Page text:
However, if you're at all open to learning more about today's social scene, consider the following reasons given by parents who permitted coed group sleepovers:
- “My son went to a coed sleepover the night of the junior prom,” explains one mother. “He attended the prom with the group of kids he hangs out with. There are both boys and girls in the crowd, but none of them are romantically linked. When they asked if they could come back to one of the girl's houses for the night, we agreed. We know the family well, and we found it far preferable to them going to clubs or looking for a ‘party' in some other way. They're good kids, and all things considered, this seemed like an acceptable alternative.”
- “Kids today aren't dating the way we did,” says another mother. “My daughter socializes with a big group of kids, none of whom would be said to be dating. They've had one or two social all-nighters, and because we knew the family—and knew the parents would be home—we permitted her to go. Even though I doubt that the parents stayed awake all night, we felt she would be okay.”
Note that in both situations there were no serious couples in the mix, and the exact location where the kids would be was known to the parent giving the “okay.”
And what about a sleepover with a “significant other?” Liberal parents have been known to permit it: “I know they're ‘doing it,' so I'd rather have them at home,” goes the thinking. You have to make up your own mind on this issue. Be sure to read What to Tell Your Teen About Sex for tips on sex and sexuality. And if you just don't like the idea, you can always simply say, “I'm not comfortable with that in my home.”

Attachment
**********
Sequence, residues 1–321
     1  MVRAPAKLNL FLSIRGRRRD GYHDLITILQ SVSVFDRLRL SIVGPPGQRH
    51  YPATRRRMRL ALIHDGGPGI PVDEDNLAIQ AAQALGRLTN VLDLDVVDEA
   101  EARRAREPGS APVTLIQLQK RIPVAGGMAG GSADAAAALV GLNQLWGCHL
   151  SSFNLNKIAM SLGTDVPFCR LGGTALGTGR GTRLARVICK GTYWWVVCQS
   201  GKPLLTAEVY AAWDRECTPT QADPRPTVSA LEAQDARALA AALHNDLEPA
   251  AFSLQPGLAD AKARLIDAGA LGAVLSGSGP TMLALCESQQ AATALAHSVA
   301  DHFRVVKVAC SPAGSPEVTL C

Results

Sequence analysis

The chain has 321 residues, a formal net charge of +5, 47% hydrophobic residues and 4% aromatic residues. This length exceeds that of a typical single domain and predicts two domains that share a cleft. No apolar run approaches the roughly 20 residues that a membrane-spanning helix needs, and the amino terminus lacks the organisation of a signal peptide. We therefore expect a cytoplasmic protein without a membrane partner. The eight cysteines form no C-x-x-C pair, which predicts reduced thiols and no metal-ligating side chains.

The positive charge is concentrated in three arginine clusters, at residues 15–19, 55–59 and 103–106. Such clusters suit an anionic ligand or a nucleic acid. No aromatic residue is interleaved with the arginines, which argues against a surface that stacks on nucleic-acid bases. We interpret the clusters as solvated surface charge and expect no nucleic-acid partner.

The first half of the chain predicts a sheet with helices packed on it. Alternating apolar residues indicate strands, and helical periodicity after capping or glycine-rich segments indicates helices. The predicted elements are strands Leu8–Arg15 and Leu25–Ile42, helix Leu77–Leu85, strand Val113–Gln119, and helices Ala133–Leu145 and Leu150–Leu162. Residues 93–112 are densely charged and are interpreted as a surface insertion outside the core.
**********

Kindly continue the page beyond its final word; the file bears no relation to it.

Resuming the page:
So the next time your teenager comes home with a sleepover request, you might double-check the guest list (now you'll know to be heads up on this one!), and if it turns out it's coed, you can consider it with these comments in mind.
When young adolescents say they're “going out” with members of the opposite sex, it doesn't mean going anyplace; it just means being romantically linked.
What to Do About Other Household Rules
Like boys in your daughter's bedroom!
Life was certainly simpler when you and I were growing up: No members of the opposite sex in bedrooms, right? Well, it's a new day. You need to be reasonable and flexible about some of the issues that come your way. Because coed groups of friends are a part of many teens' social lives, it's awfully hard to say, “no boys (or girls) in your room” (especially if that's where the CD player is). Try this:
If the member of the opposite sex is a friend, then the bedroom is on-limits, even with an occasional closed door. If the member of the opposite sex is your teen's “significant other,” then being in the bedroom is permissible only if the door is open.
More on: Teen Behavior and Discipline
Excerpted from The Complete Idiot's Guide to Parenting a Teenager © 1996 by Kate Kelly. All rights reserved including the right of reproduction in whole or in part in any form. Used by arrangement with Alpha Books, a member of Penguin Group (USA) Inc.